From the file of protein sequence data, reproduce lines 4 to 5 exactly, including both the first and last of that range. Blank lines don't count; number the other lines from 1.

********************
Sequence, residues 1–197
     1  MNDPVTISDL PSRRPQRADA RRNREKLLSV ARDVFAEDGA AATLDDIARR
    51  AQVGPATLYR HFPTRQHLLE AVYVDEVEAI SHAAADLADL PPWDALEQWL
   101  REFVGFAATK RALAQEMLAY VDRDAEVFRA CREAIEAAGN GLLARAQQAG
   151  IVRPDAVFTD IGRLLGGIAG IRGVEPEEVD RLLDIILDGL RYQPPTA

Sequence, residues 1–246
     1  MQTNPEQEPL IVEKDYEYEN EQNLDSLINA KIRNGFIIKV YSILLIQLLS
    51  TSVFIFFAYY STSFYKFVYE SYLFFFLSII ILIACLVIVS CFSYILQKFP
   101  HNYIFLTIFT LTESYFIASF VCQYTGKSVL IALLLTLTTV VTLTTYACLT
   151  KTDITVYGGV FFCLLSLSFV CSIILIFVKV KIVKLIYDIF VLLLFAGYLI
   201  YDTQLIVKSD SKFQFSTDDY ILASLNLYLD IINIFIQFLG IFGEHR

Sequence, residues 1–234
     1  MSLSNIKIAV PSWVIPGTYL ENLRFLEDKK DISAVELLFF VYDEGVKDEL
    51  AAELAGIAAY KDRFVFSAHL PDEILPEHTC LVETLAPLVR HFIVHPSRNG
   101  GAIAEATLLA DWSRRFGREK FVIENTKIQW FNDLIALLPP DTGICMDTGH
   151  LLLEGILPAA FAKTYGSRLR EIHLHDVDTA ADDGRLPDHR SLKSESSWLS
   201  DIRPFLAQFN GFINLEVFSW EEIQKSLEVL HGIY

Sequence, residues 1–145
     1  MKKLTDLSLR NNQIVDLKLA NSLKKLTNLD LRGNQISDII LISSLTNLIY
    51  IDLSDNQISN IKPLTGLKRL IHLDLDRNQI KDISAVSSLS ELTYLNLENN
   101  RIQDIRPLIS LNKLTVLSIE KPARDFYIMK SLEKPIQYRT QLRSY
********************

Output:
   101  REFVGFAATK RALAQEMLAY VDRDAEVFRA CREAIEAAGN GLLARAQQAG
   151  IVRPDAVFTD IGRLLGGIAG IRGVEPEEVD RLLDIILDGL RYQPPTA